How To Maximize Effectiveness With Different Church Staff Communication Styles
By: Meredith Mohr May 18, 2017
When you work on a creative team, everyone brings something different to the table. So how do you harness all the different yet equally important strengths of your team to work towards your common goals? The simple answer is: understand what makes each other tick.
The popularity of personality assessments as a litmus test for potential employees is on the rise. Competency can always be taught, but culture alignment is a much better test of how an employee might fit in. Even for existing employees, this can be a fun way to shift focus from the 'what' of the work to the 'who' of the work, while building stronger teams with a greater understanding of each other.
However, something that leaders often forget to consider is communication styles. While a personality type might reveal the kind of person you are - with background, family, upbringing, and life experience coming into play - your communication style is how you share who you are with other people. It’s a fascinating look at how people work, talk to each other, talk about their work, even how they perceive themselves as a person in the workforce.
As you understand how people work and communicate, you can maximize effectiveness by matching their communication styles. Over time, this creates cohesive, collaborative, cooperative work with each other. Teamwork has never looked so good.
So how do you do it?
1. Understand the different communication styles
Understanding the different ways people communicate and translating it into a vision for your church staff is a process. If you start with understanding the different communication styles from every perspective, you’ll be much better equipped to see how each person on your staff can bring their invaluable and unique input to the table.
If your team is looking for a personality assessment to work through together, contact us. Our team is certified in Insights, which is one of our favorite personality assessment tools, helping teams work more effectively together.
2. Make it a part of your company identity
The next step is building your church staff's identity around the utilization of communication styles. Emphasize the importance of these differences and encourage staff members to build strong relationships with each other.
One of the best ways to integrate differences is to see them through a lens of friendship and cooperation. Remember, often the best marriages and friendships are opposites! You might see things differently from your coworker or approach communication in vastly opposite ways, but understanding this about each other will build a foundation of trust and appreciation that goes a long way in forming a cohesive staff.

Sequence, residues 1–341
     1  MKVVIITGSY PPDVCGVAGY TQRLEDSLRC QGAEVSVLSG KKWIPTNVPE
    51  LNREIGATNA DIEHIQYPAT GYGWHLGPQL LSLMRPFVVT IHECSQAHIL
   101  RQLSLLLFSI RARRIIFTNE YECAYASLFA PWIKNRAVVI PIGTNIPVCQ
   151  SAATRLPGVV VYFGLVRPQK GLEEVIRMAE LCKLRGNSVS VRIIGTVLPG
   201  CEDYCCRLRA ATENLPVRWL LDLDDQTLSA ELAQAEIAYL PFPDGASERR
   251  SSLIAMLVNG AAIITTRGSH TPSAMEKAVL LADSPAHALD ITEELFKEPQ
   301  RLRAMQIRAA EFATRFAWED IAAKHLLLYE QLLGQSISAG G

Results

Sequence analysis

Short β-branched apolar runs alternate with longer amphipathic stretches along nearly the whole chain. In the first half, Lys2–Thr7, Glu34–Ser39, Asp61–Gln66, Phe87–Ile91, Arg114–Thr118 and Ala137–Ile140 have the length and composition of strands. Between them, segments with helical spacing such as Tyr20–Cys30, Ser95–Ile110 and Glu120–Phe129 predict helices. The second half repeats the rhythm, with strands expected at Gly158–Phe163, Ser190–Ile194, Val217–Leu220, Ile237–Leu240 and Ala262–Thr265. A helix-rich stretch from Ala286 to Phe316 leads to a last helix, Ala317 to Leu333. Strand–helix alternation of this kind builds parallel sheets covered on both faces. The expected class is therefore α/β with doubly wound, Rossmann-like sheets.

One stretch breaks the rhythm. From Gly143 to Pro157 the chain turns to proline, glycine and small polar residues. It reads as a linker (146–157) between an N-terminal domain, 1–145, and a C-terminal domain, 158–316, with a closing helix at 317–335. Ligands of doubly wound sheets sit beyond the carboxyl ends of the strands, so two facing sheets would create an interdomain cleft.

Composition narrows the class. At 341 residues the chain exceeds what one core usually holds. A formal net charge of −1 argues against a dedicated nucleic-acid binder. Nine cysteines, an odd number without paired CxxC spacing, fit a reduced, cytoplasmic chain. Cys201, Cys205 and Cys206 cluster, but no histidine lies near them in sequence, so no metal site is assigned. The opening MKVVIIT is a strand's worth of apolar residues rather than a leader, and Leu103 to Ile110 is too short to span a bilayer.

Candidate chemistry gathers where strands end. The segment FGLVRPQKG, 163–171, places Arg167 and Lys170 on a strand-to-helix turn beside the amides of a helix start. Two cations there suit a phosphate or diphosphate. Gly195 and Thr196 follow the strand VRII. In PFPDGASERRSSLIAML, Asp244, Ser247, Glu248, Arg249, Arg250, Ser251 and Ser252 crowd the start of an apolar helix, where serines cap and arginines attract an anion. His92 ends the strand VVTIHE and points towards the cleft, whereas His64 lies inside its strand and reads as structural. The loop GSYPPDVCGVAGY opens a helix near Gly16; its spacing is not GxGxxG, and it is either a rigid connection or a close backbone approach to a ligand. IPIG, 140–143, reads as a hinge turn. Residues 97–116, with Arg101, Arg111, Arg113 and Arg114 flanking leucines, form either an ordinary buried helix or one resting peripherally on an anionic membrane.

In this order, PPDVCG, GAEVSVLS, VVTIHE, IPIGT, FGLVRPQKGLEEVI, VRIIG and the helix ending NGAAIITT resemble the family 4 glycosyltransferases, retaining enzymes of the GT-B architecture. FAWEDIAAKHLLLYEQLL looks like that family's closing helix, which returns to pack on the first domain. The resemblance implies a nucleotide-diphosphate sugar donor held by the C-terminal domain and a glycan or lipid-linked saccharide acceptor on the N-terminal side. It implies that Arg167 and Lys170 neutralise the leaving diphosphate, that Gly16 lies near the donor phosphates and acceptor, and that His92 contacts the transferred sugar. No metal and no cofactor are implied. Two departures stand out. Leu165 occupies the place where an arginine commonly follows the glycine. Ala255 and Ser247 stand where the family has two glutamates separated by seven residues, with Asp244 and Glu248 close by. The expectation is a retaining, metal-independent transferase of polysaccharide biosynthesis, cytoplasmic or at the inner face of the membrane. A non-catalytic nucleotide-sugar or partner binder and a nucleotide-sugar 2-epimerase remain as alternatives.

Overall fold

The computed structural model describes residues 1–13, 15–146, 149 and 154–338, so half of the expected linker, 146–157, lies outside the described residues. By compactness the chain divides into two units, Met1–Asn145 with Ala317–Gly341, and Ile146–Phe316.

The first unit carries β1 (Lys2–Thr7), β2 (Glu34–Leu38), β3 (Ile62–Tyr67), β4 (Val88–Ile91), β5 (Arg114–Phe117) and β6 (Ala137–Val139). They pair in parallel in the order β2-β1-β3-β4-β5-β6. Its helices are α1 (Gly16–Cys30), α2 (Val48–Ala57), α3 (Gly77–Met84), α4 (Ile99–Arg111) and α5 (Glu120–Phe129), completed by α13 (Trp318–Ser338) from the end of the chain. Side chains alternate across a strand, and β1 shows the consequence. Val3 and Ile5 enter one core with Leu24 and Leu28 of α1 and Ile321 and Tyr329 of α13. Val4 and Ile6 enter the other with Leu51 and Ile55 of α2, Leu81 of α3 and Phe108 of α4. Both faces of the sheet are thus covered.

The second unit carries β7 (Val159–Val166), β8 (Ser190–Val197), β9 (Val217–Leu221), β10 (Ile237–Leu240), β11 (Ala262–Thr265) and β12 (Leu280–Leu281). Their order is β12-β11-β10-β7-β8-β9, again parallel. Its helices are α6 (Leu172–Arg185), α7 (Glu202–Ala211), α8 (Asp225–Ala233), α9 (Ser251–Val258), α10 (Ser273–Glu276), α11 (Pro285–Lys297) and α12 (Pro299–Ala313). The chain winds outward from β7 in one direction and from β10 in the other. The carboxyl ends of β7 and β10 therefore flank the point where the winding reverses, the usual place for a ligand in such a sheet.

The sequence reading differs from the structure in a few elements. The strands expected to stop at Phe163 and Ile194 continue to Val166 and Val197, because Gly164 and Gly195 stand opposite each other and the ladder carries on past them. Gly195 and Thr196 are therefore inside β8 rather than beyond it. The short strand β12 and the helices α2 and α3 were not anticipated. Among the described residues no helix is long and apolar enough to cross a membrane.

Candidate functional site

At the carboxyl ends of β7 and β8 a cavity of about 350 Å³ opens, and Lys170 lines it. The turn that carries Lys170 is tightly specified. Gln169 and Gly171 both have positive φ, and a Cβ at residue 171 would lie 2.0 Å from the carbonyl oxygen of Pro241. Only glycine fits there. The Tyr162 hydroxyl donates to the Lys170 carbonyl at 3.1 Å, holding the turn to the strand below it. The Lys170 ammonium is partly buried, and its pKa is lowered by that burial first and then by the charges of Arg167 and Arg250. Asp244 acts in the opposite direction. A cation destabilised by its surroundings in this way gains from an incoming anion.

Staff retreats and development days are a great place to work on this. It can be fun too - playing interactive games or taking a short communication or personality quiz can start conversations and get the ball rolling.
3. Celebrate the differences!
While you’re weaving the importance of communication styles into your church staff culture, don’t forget to celebrate the differences! At Vanderbloemen, we each have a set of foam lego blocks on our desks that indicates how our communications styles are ranked. We also have a wheel on the wall with headshots showing where each staff person fits into the spectrum of communication types. We call it our Wheel of Culture.
Understanding communications styles and personality types are a fun way to get to know new people and deepen friendships, which go a long way in working together on projects. But more than the enjoyable side of it, it also helps build a lasting strength to the work you do and how you do it.
You’ll likely never be working on a team with exactly the same kind of people as you, but as you learn how to work together in spite of differences, you’ll see tremendous personal and professional growth. We joke about the differences too sometimes, understanding that not everyone will have the same strengths - but that’s why we need each other to do effective work. We work as a team, and that is a vital part of a strong culture.
How can you begin to evaluate your team's various communication styles?